Brock simulation lab to help next generation of nurses thrive – The Brock News

Precious Idiake spoke to her patient in a soothing tone as she checked her vitals and provided insight into the process – all while a room full of people watched.

The fourth-year Brock Nursing student demonstrated how she and her colleagues interact with patient simulators in the new Clinical Nursing Simulation Laboratory during an opening ceremony on Thursday, September 22.

Located in Brock’s East Academic Building and modeled after a hospital unit, the laboratory provides students with a safe environment in which to gain valuable hands-on experience and further develop their skills and confidence while preparing for clinical internships in healthcare.

A group of eight people stood in a row while the man in the middle cut off a piece of gauze.  The group stands next to a patient simulator in a lab that looks and feels like a hospital room.

Brock faculty, staff and students held a gauze cutting ceremony for Brock’s new Nursing Clinical Simulation Lab on Thursday, September 22nd.

The new space will support the significant growth that the university’s nationally recognized nursing programs have recently experienced.

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“The Department of Nursing has almost tripled in size in the last two years,” says Department Chair Karyn Taplay. “The new lab will enhance our ability to deliver nursing education that is innovative, current and realistic of what students will encounter in clinical practice.”

That September, Brock welcomed 228 new Bachelor of Science nursing students — the largest cohort ever. In May, the university also welcomed its first students to the concurrent Bachelor of Nursing/Master of Nursing Accelerated Program, the first of its kind in Canada.

Nursing trainees will take part in life-like simulation training in the new laboratory facilities, preparing them to care for a variety of patients from birth to the end of life.

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“With its state-of-the-art equipment and infrastructure, this lab teaches students how to think, analyze, and respond appropriately and effectively to a variety of situations they will encounter in the real world,” says Peter Tiidus, Dean of the Faculty of Applied Health Sciences . “We prepare our students to enter healthcare with confidence, to be agents of change and to be able to respond to challenging situations they will encounter along the way.”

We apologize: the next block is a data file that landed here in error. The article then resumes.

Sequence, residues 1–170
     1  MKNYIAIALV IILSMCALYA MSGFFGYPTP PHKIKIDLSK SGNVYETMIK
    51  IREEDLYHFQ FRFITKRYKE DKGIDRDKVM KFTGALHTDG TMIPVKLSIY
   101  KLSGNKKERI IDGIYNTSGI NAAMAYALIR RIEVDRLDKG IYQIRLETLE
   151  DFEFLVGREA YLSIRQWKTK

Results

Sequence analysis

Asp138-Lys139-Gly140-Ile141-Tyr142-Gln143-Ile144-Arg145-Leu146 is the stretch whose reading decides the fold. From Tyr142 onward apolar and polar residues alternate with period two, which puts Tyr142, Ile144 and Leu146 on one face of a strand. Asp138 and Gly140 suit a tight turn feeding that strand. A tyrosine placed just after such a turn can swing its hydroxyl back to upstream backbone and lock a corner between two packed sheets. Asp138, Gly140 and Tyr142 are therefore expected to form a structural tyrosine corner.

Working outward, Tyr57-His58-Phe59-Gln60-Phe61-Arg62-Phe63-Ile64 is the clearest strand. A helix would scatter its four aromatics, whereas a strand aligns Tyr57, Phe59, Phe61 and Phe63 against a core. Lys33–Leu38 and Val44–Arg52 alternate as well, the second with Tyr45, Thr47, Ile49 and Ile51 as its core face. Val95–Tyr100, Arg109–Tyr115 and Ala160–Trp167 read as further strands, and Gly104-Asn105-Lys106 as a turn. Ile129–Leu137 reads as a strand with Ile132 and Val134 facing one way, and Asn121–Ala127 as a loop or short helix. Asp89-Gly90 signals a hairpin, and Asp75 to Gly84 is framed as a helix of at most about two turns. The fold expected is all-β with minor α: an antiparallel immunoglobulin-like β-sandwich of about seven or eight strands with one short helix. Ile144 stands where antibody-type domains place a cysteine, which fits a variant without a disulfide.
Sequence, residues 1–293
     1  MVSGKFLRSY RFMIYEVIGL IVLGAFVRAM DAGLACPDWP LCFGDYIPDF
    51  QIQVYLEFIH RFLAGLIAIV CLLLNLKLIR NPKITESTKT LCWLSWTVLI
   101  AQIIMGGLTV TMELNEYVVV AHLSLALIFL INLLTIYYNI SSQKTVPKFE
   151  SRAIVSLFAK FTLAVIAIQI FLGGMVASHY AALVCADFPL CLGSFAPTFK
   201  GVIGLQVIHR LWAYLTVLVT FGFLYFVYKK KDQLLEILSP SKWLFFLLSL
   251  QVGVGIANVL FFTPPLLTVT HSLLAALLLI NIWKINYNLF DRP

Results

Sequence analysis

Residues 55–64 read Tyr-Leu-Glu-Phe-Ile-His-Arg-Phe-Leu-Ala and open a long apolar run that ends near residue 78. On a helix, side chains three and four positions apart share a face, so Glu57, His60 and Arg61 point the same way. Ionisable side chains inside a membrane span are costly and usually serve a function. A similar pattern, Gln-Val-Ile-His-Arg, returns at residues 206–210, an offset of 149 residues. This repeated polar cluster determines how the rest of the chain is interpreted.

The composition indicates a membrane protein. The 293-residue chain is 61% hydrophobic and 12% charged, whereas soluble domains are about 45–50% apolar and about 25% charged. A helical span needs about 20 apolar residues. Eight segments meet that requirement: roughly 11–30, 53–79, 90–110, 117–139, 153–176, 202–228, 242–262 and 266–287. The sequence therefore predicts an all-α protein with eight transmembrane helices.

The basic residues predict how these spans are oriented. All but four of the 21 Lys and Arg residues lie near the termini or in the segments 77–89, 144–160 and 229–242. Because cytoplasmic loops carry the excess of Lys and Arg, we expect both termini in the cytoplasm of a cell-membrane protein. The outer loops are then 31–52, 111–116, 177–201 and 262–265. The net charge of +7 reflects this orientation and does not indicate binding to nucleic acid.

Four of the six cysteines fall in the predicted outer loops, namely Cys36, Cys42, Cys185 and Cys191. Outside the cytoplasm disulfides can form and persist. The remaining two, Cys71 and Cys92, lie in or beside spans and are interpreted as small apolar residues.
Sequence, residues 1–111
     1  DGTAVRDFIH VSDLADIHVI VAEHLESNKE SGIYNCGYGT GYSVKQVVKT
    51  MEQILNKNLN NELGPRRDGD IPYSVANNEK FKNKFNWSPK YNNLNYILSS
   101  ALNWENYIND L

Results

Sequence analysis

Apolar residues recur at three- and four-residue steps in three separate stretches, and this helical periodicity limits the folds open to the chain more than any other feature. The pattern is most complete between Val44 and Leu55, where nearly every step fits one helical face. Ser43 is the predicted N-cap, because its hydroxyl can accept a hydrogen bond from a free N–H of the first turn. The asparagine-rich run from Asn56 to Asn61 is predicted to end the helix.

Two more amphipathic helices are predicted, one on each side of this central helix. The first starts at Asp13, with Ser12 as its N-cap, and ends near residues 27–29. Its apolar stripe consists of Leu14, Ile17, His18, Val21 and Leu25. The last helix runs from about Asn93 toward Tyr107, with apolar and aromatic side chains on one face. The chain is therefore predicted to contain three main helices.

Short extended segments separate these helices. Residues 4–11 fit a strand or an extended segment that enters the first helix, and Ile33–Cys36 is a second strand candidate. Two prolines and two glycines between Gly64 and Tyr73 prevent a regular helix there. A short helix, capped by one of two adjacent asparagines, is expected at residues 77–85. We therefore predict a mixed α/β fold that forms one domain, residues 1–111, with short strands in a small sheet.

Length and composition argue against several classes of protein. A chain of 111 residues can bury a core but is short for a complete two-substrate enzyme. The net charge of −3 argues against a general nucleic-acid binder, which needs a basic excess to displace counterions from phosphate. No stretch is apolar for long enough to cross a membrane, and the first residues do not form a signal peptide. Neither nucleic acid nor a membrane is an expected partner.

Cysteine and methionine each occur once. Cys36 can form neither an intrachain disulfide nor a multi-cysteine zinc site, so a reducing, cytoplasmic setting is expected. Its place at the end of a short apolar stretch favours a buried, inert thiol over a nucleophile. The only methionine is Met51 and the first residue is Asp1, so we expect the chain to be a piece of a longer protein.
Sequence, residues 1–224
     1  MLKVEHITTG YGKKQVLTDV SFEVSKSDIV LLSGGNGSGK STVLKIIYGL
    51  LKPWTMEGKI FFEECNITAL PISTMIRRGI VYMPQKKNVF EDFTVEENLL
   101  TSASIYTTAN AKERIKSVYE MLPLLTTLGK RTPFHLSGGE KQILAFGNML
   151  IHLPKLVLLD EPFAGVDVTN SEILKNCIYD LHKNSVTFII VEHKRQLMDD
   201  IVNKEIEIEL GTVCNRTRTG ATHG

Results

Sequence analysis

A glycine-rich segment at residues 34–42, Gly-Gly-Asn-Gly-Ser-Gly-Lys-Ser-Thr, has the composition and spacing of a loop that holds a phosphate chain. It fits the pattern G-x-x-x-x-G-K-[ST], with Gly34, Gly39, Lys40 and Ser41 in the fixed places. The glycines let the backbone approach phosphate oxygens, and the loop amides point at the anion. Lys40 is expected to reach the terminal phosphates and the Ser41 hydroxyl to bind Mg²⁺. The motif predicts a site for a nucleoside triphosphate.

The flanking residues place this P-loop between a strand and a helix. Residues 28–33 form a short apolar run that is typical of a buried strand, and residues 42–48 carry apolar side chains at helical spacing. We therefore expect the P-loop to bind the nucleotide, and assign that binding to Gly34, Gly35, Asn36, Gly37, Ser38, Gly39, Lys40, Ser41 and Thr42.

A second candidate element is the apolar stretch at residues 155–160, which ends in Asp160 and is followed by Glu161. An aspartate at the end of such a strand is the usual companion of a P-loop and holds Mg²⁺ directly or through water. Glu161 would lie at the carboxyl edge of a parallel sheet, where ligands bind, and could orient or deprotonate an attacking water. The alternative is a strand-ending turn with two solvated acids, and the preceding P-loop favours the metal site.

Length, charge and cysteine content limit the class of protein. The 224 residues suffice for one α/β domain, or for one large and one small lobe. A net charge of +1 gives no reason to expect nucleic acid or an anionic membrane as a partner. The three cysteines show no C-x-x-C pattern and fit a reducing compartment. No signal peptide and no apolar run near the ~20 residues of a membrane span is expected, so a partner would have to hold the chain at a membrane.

A crowd, some seated, some standing, listens to a man standing at a podium.

Brian Power, Vice-Provost and Associate Vice-President, Academic at Brock University, addresses the crowd at the opening of the new Nursing Clinical Simulation Lab.

Training future nurses remains a priority for Brock as it continues to help respond to the changing healthcare needs in Niagara and Ontario that have arisen due to the COVID-19 pandemic, said Brian Power, vice-provost and associate vice -President, Academic of the University.

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“Giving nursing students more opportunities to put theory into practice is a key building block in addressing Ontario’s nursing crisis and is helping to stabilize healthcare delivery in our communities,” he says. “The insights gained in this lab will directly help address the shortage of skilled nurses, keep emergency rooms and hospitals open, reduce wait times and improve the quality of care.”

With the new 1,700 square foot lab complementing two existing facilities, Brock now has a total of 4,500 square feet of dedicated nursing laboratory space on campus.

For more information on Brock’s Nursing programs, visit the Department of Nursing website.

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